ONPHA will continue to highlight the importance of supporting low-income and other marginalized tenants, recognizing the significant risks of accumulating rental arrears to the community housing and homelessness support systems.
3. Renew and grow community housing
Following the 2018 release of ONPHA and the Cooperative Housing Federation of Canada’s Affordable Housing Plan for Ontario, we continue to call for investment in the required renewal of 260,000 community housing units and construction of 99,000 affordable and supportive housing units. ONPHA continues to highlight the need for increased funding and access to capital and surplus land, including reinvesting housing-related tax revenues into affordable housing initiatives.
The budget provided housing-related investments for some communities most impacted by COVID-19 over the next three years: $18.5 million for the Transitional Housing Support Program to support victims of domestic violence and survivors of human trafficking to find and maintain affordable housing, and $13 million to assist people with developmental disabilities in accessing community housing and independent living supports. However, the budget did not address the deep need for investment across the community housing sector.
The budget also projected a $409 million increase in Land Transfer Tax revenue from 2020-21 to 2021-22 due to stronger housing resales, though it was not identified for re-investment in affordable housing. Directing these revenues toward affordable housing would present an enormous opportunity to help ensure that affordability challenges do not worsen as the housing market continues to heat up, providing an economic catalyst for housing affordability.
ONPHA will continue advocacy focused on the need for investment in growth and renewal, highlighting the value proposition of community housing for socioeconomic recovery.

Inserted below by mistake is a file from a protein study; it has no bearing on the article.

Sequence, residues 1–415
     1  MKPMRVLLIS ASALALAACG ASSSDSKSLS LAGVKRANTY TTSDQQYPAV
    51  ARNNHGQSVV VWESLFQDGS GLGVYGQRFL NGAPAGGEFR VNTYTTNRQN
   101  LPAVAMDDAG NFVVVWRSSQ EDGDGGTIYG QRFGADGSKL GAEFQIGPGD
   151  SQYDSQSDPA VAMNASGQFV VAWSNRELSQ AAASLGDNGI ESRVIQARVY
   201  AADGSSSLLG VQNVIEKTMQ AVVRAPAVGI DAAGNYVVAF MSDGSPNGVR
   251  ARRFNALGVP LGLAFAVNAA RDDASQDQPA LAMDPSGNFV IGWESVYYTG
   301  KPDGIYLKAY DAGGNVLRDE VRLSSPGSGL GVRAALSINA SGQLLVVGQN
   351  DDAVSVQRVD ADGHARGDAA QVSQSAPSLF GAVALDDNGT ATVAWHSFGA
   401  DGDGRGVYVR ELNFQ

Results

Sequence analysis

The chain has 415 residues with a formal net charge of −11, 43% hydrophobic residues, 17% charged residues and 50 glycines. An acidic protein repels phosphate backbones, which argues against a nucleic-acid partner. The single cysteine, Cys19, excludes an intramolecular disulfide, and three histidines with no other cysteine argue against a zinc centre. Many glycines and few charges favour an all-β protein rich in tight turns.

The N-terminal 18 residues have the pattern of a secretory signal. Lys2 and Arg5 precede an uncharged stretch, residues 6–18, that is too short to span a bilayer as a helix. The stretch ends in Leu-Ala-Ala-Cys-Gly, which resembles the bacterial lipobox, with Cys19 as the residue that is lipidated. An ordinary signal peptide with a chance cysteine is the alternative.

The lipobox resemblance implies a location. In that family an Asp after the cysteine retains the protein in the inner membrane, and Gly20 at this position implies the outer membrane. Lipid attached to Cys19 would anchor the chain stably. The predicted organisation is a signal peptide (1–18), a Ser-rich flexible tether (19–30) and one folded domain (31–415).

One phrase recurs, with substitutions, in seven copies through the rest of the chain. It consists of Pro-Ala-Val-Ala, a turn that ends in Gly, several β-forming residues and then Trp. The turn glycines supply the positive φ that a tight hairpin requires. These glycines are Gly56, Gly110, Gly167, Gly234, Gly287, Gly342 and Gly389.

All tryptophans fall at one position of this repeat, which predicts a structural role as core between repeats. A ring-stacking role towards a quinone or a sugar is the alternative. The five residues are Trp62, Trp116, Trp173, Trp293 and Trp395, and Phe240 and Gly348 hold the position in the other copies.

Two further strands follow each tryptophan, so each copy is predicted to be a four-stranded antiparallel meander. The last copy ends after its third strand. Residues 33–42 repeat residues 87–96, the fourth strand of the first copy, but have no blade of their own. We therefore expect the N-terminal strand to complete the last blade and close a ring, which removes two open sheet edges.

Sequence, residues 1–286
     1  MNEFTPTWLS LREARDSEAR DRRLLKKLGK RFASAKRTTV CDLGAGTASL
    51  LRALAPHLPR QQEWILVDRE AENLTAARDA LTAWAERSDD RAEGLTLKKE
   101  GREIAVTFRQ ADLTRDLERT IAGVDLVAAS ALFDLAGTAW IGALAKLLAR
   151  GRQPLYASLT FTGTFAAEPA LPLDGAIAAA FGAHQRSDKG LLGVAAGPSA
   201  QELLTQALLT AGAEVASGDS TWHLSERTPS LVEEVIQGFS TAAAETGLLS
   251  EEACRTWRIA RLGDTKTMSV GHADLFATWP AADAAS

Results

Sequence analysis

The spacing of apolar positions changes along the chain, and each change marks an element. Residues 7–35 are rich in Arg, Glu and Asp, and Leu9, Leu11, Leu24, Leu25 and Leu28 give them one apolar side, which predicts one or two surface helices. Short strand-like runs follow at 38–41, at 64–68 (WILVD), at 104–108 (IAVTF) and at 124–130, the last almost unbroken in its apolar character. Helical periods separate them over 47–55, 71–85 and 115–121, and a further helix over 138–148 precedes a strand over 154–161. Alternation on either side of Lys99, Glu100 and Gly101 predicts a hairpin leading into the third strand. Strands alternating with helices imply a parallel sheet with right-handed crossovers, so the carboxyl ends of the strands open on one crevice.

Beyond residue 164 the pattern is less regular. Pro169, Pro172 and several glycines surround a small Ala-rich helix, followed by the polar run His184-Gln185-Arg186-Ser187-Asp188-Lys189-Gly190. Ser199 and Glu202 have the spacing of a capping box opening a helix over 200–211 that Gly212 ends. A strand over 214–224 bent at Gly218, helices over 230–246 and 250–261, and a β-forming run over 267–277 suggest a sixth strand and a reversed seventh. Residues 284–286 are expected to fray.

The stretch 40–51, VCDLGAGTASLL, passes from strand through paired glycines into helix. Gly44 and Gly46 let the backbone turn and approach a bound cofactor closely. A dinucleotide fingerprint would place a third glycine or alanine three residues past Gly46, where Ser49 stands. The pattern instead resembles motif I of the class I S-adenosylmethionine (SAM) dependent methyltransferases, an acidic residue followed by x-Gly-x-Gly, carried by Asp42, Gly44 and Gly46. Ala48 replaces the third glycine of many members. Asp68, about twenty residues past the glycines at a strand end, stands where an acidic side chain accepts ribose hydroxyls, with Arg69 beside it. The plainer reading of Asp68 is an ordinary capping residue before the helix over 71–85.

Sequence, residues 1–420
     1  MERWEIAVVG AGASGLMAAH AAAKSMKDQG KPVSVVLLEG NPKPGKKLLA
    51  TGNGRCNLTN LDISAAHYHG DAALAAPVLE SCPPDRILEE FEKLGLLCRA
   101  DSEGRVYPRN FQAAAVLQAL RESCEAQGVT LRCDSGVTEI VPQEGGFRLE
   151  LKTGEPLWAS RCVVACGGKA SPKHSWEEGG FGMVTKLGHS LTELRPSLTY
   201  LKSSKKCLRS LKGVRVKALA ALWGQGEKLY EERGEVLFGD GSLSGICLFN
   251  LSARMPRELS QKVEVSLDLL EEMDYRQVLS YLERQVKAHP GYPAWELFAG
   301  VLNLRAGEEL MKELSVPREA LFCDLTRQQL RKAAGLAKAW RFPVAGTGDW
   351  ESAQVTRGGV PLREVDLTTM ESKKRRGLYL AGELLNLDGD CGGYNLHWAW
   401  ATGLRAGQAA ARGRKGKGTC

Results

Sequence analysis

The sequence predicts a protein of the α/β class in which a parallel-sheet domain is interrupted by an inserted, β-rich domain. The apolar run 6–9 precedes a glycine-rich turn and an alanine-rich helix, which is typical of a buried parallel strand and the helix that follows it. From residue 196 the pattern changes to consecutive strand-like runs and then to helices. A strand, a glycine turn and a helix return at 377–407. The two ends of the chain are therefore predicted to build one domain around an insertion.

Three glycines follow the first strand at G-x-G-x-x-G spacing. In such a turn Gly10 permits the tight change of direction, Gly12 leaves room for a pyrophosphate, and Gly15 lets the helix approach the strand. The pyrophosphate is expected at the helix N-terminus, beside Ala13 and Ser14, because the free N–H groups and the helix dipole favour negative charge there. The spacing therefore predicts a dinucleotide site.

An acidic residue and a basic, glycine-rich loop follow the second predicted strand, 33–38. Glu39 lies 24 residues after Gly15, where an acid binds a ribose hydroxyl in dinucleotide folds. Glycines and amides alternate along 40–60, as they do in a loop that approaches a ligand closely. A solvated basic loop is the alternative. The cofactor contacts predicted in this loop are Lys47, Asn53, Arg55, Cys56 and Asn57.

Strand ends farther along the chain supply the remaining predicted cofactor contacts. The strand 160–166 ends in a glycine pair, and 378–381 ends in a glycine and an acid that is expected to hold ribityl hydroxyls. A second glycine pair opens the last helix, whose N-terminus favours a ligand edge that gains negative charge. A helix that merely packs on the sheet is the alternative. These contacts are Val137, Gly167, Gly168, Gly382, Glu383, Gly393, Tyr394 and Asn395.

4. Support urban and rural Indigenous housing
With work underway to develop a community-led implementation strategy for ONPHA’s Urban and Rural Indigenous Housing Plan for Ontario, we continue to call for all levels of government to work in true partnership with Indigenous peoples to build 22,000 subsidized Indigenous-owned and operated units, support culturally-relevant programming, and increase Indigenous control in the sector.
Recognizing the disproportionate impacts of COVID-19 on Indigenous communities, the budget committed $4 million for First Nations, Métis, and Inuit populations (including to combat housing shortages), $6 million in the Indigenous Community Capital Grants Program, and $18.2 million over three years to address violence against Indigenous women and girls.
ONPHA will follow up to seek clarity on housing-related opportunities through this funding and continue engagement with all levels of government on the need for sustainable resourcing for urban and rural Indigenous housing.
ONPHA’s next steps
- Immediate stabilization funding for community housing providers
- Arrears management and/or rental relief for unemployed and low-earning tenants
- Protection of existing community housing
- Investment in community housing growth, including support for urban and rural Indigenous housing and an integrated approach to supportive housing
If you have any questions about the Ontario 2021 Budget or want to share feedback to inform ONPHA’s advocacy, please reach out to us at email@example.com.
Don’t miss a post! Subscribe to get notified every time we publish a new story: